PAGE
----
After a year of searching we found Urban Express to be the best assembly company, but they don’t have people covering all metro areas. When they can do the install they are great!

Organization

You wouldn’t think that keeping organized is that hard with all the 3rd party apps on the market, but it is. When we first got started running treadmill.com this wasn’t something we didn’t really take into account. However, since you aren’t just “done” when you ship the item there are always a lot of balls in the air. It took some time to find the right 3rd party apps and develop the correct internal processes to this this under control.

We ended up using software called BrightPeal to get everything organized.

Live Chat

When you are selling products that start at $599.99 and go up to literally $10,000, you better be around to answer people’s questions when they have them. We found that about 20% – 25% of our sales converted from live chats; having to constantly be tethered to your computer or smart phone to take them is a big time suck. Sure, you can be doing other things in between the times you are chatting, but you can’t be out on a hike on or the golf course either.

Phone Calls

In the same vein as live chats, you also need to be prepared to take phone calls. Another 20% – 25% of our customers would call in to place their orders, or ask questions before making a big purchase. Even if it was just to make sure you were a “real” company, they wanted to talk to you. The end result was us having to get an office because nothing is more unprofessional than hearing a dog bark in the background when taking a support call.

To Wrap It Up…

Even with all the challenges we faced, we still ended up selling over $1,000,000 in fitness equipment in our first year. As you can tell, a lot of it was baptism by fire, but we gained a wealth of knowledge during this time. This experience allowed us to launch our second store, CuttingBoard.com in mid 2014. CuttingBoard.com has been a big success by any standard. Thankfully it doesn’t carry a lot of the logistical challenges treadmill.com brought us. We also used our experience to purchase an existing eCommerce business in January 2015 in IceWraps.com. It’s too early to tell if this was a good purchase or not, but we’ll be documenting our journey with that site on EcomCrew.com.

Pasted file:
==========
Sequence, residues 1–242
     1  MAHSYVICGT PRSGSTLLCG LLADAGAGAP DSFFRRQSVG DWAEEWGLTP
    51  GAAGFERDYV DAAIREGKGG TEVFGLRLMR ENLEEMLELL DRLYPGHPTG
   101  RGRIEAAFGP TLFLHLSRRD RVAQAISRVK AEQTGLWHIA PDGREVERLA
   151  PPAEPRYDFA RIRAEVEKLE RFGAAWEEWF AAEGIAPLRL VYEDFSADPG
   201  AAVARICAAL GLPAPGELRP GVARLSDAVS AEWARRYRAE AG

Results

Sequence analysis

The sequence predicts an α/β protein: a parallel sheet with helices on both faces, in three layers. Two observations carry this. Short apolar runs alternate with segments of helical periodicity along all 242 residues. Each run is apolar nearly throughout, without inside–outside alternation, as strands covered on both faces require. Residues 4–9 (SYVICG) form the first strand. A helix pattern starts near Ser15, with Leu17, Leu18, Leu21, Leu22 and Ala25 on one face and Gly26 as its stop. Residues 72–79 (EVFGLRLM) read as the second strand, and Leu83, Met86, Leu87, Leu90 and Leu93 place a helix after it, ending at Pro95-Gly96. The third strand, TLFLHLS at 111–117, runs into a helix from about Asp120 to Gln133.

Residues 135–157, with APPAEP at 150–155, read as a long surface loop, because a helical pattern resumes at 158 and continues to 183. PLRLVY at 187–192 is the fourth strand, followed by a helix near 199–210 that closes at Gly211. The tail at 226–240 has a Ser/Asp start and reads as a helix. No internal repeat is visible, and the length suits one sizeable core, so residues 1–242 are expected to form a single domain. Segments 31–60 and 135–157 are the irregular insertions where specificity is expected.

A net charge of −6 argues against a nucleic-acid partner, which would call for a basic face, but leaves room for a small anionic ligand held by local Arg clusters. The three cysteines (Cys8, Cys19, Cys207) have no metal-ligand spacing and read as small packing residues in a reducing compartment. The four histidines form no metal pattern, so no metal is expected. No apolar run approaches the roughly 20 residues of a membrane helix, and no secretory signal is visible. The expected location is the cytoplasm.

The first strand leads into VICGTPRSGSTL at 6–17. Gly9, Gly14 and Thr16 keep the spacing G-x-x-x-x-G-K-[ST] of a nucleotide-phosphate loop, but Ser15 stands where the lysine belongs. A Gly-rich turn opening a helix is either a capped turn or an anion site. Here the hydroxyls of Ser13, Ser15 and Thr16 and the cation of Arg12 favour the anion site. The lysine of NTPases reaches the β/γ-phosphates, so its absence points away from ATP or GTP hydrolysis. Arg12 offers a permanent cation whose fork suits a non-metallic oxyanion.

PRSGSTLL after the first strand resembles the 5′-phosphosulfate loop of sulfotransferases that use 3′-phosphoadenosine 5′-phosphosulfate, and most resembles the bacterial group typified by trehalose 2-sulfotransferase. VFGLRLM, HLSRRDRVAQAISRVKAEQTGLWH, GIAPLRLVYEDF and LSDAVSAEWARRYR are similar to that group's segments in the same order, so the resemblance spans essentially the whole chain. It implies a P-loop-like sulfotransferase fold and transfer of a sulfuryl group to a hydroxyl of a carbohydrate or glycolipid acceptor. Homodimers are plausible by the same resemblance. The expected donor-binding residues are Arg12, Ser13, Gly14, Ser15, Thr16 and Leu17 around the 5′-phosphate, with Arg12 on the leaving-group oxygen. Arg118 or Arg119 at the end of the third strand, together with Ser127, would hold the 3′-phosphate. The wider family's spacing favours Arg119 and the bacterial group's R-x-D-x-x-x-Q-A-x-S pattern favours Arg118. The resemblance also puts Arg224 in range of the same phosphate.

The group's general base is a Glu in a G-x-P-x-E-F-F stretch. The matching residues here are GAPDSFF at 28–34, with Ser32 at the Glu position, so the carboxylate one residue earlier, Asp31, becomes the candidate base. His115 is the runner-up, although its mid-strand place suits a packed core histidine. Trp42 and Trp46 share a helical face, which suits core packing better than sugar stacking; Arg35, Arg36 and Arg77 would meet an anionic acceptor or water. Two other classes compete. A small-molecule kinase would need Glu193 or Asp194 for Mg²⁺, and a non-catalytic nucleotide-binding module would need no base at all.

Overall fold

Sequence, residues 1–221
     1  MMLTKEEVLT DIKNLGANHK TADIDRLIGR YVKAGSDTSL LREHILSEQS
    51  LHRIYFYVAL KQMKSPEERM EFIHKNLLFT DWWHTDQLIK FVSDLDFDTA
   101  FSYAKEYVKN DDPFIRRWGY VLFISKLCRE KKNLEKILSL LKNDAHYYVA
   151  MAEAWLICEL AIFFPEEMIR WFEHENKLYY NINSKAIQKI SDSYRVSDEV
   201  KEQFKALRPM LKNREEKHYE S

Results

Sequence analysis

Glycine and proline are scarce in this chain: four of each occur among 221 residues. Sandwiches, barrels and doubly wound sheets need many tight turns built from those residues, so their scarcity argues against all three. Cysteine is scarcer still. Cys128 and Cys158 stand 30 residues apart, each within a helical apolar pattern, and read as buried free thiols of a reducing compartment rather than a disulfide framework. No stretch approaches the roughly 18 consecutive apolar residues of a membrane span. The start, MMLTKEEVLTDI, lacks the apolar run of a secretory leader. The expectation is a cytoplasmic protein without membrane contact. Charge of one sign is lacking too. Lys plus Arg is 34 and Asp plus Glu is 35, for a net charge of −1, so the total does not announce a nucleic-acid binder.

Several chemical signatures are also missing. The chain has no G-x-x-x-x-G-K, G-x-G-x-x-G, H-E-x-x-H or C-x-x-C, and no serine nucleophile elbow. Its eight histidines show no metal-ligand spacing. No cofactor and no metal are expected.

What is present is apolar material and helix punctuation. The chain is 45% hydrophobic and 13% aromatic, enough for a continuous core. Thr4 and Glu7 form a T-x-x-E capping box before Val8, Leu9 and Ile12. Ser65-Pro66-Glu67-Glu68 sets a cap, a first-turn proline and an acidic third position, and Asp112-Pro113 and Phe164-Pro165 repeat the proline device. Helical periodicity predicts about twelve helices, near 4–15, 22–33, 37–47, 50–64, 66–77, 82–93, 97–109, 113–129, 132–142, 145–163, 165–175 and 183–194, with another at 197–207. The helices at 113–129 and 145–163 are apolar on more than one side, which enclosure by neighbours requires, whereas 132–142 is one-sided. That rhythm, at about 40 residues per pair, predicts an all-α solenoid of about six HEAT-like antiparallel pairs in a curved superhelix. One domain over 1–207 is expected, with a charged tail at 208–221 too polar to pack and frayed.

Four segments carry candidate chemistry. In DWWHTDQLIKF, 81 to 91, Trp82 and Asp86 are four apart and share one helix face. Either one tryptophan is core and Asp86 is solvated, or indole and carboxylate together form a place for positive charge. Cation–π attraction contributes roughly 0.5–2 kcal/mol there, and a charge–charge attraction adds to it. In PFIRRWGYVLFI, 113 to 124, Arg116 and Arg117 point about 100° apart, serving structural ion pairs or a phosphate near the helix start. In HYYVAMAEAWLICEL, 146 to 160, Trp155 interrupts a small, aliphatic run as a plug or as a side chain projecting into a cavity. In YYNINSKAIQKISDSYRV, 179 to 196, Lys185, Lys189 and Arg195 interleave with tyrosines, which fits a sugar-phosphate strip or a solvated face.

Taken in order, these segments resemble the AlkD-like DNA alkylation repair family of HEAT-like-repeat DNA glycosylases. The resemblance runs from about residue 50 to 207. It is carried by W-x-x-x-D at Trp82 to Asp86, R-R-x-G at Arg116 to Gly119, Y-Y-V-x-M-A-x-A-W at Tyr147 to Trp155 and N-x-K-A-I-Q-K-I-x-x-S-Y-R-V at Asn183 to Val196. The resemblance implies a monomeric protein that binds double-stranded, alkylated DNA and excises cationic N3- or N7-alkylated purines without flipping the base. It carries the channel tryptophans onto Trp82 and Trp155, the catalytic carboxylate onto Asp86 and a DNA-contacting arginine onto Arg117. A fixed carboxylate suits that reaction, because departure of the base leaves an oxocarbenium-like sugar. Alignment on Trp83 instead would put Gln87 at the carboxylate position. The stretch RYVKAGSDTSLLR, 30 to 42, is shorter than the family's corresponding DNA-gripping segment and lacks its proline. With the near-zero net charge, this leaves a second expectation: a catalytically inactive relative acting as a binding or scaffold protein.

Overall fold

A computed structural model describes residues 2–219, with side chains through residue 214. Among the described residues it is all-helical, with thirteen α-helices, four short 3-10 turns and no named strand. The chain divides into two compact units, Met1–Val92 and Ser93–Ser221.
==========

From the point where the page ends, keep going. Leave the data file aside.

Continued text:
Finally, just before writing this post, we ended up selling Treadmill.com on February 1, 2015. We received an offer to purchase the site in late 2014 for an amount we were very happy with. Rather than sell ourselves short, we ended up shopping that number around a bit and ended up selling it to another third party for more than the original offer. We wish the new owner nothing but the best of luck with the site.

Our Mission With EcomCrew.com

The Internet is a wealth of knowledge and a great resource for finding quick answers to your problems. I can’t tell you how many searches I did over the past two years trying to find quick answers to my eCommerce questions / problems. There are countless eCommerce related blogs out there, but over 95% of the time I found their posts stop just short of answering my questions. They have wonderful post titles, but ended up being fluff and a waste of my time. I think part of it is because several of the high profile eCommerce blogs have imposters, not eCommerce or business experts running them. They are mostly full of, and market hot air. I think the others know the answers to the questions being sought out, but don’t want to reveal any real information or secrets. The last batch of people just write fluff for SEO and affiliate marketing. So, they review something like ShipStation and do the bear minimum to rank and get that coveted affiliate income.

I’ve been blogging a lot (on and off) personally over the past several years, so I’ve always had a passion for sharing my thoughts, ideas, life lessons, etc with the world. I’m not worried about sharing real information or secrets because I’m secure within myself; I also know that I have a head start on everyone else. If you want to directly copy my ideas and compete with me, so be it. There are plenty of people who have done that in the past and there will be plenty moving forward (I could write a case study about this). There will always be competition and that keeps me motivated.